Corleto Perticara is a Medieval centre of
Val d’Agri. It is an agricultural centre immersed in
green vegetation which is known today as a holiday locality.
Its name derives from the Latin term corulus, meaning hazel.
While Perticara derives its name from neighbouring Castrum
Perticarii, an ancient Roman centre known by the name of Perticaria,
which already during the ‘500s results as uninhabited.
The present day habitation derives from a fort which existed
during the Norman era (XII century).
It was subsequently a fief of the Sanseverino and Ruffo families
and under the Aragonese (XV century), of the Sanframondi.
Under Emperor Charles V, (XVI century), the fief passed to
the De Castella and became a marquisate of Casa Costanzo (15
March 1601). Mid way through the ‘600s, it passed therefore
to the Riario family (1659), who ruled it unto the end of
feudal rights (1806).
Just prior to Unification into the Reign of Italy (1861),
the village was gravely damaged by seismic tremours (1857).
Corleto Perticara assumed a prominent role in the Liberal
movement which led to the end of the Reign of the Two Sicilies:
16th August 1860 proclaimed the end of the Bourbon monarchy.
During the Second World War conflict, the area was seriously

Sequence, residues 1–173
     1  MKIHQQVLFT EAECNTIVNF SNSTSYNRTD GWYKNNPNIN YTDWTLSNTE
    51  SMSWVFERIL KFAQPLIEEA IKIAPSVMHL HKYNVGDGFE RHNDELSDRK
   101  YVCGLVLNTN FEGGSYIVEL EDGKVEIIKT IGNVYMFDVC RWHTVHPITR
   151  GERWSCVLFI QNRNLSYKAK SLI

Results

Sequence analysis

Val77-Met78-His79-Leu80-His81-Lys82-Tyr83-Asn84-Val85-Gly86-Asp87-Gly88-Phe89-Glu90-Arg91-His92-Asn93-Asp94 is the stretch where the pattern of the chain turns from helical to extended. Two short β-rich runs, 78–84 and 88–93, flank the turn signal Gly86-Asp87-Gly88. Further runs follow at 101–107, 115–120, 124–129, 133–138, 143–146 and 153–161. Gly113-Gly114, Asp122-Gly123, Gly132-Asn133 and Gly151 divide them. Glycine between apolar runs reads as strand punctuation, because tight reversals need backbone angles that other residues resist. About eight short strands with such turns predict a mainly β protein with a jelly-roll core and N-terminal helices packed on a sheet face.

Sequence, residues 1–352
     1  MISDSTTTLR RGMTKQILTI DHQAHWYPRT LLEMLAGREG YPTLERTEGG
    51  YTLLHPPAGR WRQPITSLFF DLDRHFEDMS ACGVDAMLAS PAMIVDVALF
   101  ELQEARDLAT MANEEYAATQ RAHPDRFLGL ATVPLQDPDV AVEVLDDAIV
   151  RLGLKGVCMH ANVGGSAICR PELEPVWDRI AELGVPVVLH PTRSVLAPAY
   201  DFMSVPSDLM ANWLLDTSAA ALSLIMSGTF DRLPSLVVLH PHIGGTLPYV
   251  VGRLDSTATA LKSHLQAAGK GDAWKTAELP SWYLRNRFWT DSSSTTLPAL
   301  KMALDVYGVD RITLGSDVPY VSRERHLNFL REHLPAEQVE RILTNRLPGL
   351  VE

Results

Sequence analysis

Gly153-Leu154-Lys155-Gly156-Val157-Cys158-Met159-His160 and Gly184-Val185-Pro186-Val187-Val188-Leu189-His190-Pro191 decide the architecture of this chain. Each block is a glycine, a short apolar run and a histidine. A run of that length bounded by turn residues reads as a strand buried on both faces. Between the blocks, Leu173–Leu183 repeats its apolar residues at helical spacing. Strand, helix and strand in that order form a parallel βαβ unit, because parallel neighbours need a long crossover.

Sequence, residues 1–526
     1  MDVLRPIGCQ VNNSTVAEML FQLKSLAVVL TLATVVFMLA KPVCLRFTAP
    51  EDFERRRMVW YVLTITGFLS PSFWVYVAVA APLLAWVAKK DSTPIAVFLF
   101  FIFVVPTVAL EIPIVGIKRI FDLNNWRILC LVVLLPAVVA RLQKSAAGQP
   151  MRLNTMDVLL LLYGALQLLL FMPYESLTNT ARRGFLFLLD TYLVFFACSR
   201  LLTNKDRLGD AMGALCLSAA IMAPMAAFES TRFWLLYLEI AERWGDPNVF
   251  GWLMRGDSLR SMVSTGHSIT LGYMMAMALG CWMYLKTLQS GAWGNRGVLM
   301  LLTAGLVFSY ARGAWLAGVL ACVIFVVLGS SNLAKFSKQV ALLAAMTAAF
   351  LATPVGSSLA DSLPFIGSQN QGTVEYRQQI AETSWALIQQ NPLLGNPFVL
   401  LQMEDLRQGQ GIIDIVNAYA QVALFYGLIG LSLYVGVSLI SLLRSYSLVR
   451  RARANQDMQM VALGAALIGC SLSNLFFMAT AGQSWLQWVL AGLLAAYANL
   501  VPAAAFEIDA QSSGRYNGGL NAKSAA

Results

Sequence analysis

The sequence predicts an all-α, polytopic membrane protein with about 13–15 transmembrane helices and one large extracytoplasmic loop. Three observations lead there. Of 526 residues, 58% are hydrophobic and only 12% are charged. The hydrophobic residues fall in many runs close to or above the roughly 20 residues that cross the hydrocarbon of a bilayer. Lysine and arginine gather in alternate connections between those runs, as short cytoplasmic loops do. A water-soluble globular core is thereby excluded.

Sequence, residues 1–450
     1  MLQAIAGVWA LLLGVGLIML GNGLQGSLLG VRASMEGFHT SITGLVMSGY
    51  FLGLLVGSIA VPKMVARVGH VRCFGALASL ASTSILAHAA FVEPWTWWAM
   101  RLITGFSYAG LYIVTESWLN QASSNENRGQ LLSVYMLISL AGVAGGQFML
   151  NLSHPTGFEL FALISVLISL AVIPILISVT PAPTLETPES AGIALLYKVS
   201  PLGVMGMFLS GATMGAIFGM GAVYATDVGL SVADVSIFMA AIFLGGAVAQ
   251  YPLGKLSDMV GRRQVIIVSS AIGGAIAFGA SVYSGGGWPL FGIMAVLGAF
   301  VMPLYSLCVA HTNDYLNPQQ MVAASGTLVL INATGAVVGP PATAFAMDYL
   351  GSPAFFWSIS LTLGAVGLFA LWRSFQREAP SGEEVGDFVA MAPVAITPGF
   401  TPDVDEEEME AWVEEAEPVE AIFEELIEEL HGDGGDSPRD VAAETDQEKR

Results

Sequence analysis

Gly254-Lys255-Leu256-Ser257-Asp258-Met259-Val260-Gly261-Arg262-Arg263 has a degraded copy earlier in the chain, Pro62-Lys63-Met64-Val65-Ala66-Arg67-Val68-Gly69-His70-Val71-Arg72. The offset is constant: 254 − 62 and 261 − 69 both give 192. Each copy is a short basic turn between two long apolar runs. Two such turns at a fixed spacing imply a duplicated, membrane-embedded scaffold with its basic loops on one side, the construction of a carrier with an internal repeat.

damaged and the Norman Castle was almost completely destroyed.
The 1980 earthquake once again damaged the habitation.
A visit to the City
After bombing during the Second World War, only a few arches
remain from the Norman Castle, exactly where Palazzo degli
Uffici is positioned, being the seat of the Municipal building.
Not too distant, one will find the Chiesa Madre, dedicated
to the Assumption. It has an Arabian style dome, and preserves
a Choir from the ‘600s in its interior.
Just outside the habitation, one will find the Madonna della
Place of interest
The remains of the Norman Castle: Palazzo degli Uffici; S.
Maria Assunta Matrix Church; S, Antonio of Padua Church and
Convent; S. Antonio of Padua New Church; SS Annunziata Church;
Fountains; Madonna della Stella Sanctuary.